With love, Suexxxx

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Hi Sue,

Lovely to hear from you and nice to know a little of your background too. Glad that you've found this site helpful....it's good to know that you're not on your own and it makes you feel a bit more reassured when you see others are experiencing the same.

There's a few of the guys on here that have had a SAH but didn't have the coiling or clipping procedure. I had an aneurysm coiled, but the recovery from the SAH is basically the same for us all.

How's your own recovery been? Most of us here complain about the fatigue still being a major issue, quite a while into recovery...how do you find it? I'm 19 months post SAH, but I still know if I've done too much, as the fatigue kicks back in.

Bye for now,

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Welcome Sue!!! I am one of your fellow "non-a"s. (no aneurysm) I will be happy to chat with you at any time about our mutual recoveries. My sah was in Oct 2005 so only a few months before yours. I'm 51 years old.

Yes, fatigue and stamina are the main bothers as well as short term memory problems and just general fuzzy thinking sometimes. The other frustration is trying to let people know that you are not as strong as you were before without sounding like a crybaby or broken record. Then we all also suffer low times emotionally because of the above.

We're happy to have you with us, and look forward to hearing more from you.



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Hi Karen,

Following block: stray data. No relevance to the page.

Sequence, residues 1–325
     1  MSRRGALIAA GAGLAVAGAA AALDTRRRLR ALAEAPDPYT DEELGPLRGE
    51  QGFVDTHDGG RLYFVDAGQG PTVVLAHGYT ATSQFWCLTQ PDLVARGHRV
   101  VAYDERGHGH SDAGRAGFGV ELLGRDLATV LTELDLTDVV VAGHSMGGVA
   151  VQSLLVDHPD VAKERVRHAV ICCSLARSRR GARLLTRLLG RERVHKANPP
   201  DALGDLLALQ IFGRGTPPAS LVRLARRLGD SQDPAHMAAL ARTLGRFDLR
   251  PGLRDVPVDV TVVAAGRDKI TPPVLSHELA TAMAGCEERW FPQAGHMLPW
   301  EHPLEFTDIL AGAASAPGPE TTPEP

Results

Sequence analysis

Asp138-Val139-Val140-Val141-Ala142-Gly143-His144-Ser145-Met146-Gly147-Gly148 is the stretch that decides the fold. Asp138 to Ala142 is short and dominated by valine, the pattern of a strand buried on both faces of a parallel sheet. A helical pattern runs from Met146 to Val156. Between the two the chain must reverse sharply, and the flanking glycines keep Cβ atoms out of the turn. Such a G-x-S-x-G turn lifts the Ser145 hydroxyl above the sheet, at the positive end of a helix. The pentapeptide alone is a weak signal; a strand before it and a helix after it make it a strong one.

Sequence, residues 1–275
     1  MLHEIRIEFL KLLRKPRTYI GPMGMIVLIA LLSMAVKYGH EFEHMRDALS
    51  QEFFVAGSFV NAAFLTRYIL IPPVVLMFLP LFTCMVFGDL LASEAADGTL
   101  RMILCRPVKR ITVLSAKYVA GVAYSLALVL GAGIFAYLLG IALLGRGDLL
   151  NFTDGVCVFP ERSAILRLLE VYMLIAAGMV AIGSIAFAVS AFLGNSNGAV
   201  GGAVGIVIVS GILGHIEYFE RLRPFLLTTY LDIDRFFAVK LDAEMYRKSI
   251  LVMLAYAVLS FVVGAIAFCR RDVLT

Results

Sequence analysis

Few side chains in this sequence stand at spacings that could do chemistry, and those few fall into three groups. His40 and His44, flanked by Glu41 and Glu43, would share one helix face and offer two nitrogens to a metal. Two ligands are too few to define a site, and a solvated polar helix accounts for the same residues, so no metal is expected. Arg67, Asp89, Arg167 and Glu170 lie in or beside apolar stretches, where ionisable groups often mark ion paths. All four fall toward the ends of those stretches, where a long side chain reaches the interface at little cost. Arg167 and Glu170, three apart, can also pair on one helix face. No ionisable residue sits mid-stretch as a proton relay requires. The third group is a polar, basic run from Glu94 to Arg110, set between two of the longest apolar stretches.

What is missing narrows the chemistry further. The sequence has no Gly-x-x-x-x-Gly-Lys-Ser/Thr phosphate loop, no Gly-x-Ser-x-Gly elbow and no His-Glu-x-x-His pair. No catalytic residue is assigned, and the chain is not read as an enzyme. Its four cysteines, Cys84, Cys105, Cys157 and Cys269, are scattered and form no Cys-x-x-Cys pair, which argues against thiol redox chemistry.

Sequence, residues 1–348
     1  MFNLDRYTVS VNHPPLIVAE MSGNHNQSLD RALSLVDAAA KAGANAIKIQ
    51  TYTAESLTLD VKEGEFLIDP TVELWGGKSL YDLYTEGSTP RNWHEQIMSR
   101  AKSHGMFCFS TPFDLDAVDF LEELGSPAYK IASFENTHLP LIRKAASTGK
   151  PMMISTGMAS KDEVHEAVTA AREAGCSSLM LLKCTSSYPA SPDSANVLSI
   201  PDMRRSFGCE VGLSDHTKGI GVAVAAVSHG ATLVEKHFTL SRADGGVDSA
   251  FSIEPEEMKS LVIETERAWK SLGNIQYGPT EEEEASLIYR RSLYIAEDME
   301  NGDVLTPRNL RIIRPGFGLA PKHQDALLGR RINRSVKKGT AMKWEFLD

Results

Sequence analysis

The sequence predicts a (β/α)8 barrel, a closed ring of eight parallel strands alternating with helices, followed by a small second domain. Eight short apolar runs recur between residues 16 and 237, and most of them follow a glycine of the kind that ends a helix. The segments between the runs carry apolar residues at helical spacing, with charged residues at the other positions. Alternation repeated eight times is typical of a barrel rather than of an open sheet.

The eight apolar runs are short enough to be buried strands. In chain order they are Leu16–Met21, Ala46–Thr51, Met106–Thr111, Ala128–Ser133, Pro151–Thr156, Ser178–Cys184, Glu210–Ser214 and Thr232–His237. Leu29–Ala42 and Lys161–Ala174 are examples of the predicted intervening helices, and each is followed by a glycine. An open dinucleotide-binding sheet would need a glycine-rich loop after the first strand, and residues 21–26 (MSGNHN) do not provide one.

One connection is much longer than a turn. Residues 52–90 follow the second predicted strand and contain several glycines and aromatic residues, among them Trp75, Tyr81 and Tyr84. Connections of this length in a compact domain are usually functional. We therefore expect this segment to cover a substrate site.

hope i'm doing this right this time!

You asked how my recovery is going, I just got back from my GP as I went just for reassurance really after having to go to bed at teatime yesterday with a real bad headache and real exhaustion, think it was the worst headache i've had since the SAH he thinks i'm ok took my blood pressure, looked in my eyes etc. I suppose its the norm really but sometimes it can be a bit scary don't you think?

That's why this site is proving to be such a help, reading all the things written by others, makes you realize you're not on your own.

I find my memory is bad!!! The time I was in hospital is a real fog, also I've found that when having conversations with my family they will be chatting about something that I apparently know about and it's been totally wiped from my memory.

Fatigue is a major thing, although its only 8 weeks Sunday since it happened I suppose I can't expect too much, last week I walked round Asda with my husband, nothing strenuous, got home, we put the shopping away then I was just wiped out and spent most of the next 2 days in bed!